Working Paper No. 1185

Deregulation and Regional Specialization: Evidence from Canadian Agriculture

Published: October 23, 2017Pages: 25Keywords: State trading; Deregulation; Agricultural regulation; Trade costs; Comparative advantageJEL-codes: L43; Q17; Q18; R12; R14
Published version

Deregulation and Regional Specialization: Evidence from Canadian Agriculture Colin A. Carter and Shon Ferguson

For about seventy years, the Canadian Wheat Board (CWB) was one of the world’s largest export “single desk” state traders in agriculture, until it was deregulated in 2012 and stripped of its marketing powers. One of the main crops controlled by the CWB was barley. We estimate the impact of the removal of the CWB’s single desk on the spatial pattern of malting barley production in Western Canada.

We find that deregulation encouraged growers located closer to malt barley plants to increase production relative to growers located further from the plants.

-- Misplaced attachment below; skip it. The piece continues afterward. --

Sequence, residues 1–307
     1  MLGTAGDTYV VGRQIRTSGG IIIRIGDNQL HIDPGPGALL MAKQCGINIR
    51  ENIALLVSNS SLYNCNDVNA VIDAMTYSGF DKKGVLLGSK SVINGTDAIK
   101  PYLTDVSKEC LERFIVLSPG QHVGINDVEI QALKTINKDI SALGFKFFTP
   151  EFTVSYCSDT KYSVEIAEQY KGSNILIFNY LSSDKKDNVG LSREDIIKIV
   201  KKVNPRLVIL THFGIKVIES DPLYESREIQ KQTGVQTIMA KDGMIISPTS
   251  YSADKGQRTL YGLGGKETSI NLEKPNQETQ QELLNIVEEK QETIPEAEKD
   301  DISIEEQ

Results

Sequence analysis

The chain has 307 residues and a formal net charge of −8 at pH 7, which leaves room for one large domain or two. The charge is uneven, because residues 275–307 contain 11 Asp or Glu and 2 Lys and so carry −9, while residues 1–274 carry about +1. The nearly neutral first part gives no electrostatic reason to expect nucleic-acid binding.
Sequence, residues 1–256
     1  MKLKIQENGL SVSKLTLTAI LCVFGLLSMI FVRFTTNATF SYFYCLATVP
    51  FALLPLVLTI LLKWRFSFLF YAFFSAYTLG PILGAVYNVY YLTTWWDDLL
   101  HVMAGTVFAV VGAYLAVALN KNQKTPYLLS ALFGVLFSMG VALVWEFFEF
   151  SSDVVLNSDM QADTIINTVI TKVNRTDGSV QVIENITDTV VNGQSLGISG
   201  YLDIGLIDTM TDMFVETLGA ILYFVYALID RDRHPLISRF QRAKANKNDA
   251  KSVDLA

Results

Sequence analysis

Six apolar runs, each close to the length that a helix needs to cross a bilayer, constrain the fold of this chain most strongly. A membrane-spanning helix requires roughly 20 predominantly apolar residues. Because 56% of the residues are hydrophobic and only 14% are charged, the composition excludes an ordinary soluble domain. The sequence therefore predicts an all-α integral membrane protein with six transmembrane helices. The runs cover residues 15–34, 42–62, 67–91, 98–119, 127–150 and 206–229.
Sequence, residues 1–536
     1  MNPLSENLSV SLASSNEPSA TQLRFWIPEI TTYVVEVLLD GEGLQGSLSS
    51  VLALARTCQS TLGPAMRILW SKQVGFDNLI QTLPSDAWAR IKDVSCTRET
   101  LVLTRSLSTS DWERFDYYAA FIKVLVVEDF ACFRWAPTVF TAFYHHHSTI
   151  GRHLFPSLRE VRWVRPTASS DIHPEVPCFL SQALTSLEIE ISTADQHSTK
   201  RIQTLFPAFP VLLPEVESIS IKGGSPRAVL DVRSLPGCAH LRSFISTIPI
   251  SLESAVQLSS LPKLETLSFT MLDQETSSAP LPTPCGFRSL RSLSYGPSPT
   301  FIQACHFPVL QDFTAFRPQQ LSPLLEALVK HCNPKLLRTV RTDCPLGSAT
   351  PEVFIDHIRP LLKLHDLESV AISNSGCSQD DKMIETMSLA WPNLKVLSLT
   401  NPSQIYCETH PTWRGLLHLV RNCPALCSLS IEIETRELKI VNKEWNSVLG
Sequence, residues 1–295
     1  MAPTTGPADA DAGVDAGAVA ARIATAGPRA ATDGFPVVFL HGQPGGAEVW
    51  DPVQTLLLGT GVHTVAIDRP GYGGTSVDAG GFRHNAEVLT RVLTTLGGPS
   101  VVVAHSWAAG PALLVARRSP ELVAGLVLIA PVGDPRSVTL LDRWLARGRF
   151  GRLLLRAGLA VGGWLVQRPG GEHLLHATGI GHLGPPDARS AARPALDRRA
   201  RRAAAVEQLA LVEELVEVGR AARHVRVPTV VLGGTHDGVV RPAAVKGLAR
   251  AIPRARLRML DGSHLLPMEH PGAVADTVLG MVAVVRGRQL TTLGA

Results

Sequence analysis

Additionally, malting barley production shifted to regions with more of a natural advantage arising from climatic conditions. This change in cropping patterns after deregulation can be explained by efficiency gains, combined with transportation and handling cost savings.

Interdisciplinary European Studies

The European Union in a Changing World Order


This book explores how the European Union responds to the ongoing challenges to the liberal international order. These challenges arise both within the EU itself and beyond its borders, and put into question the values of free trade and liberal democracy. 

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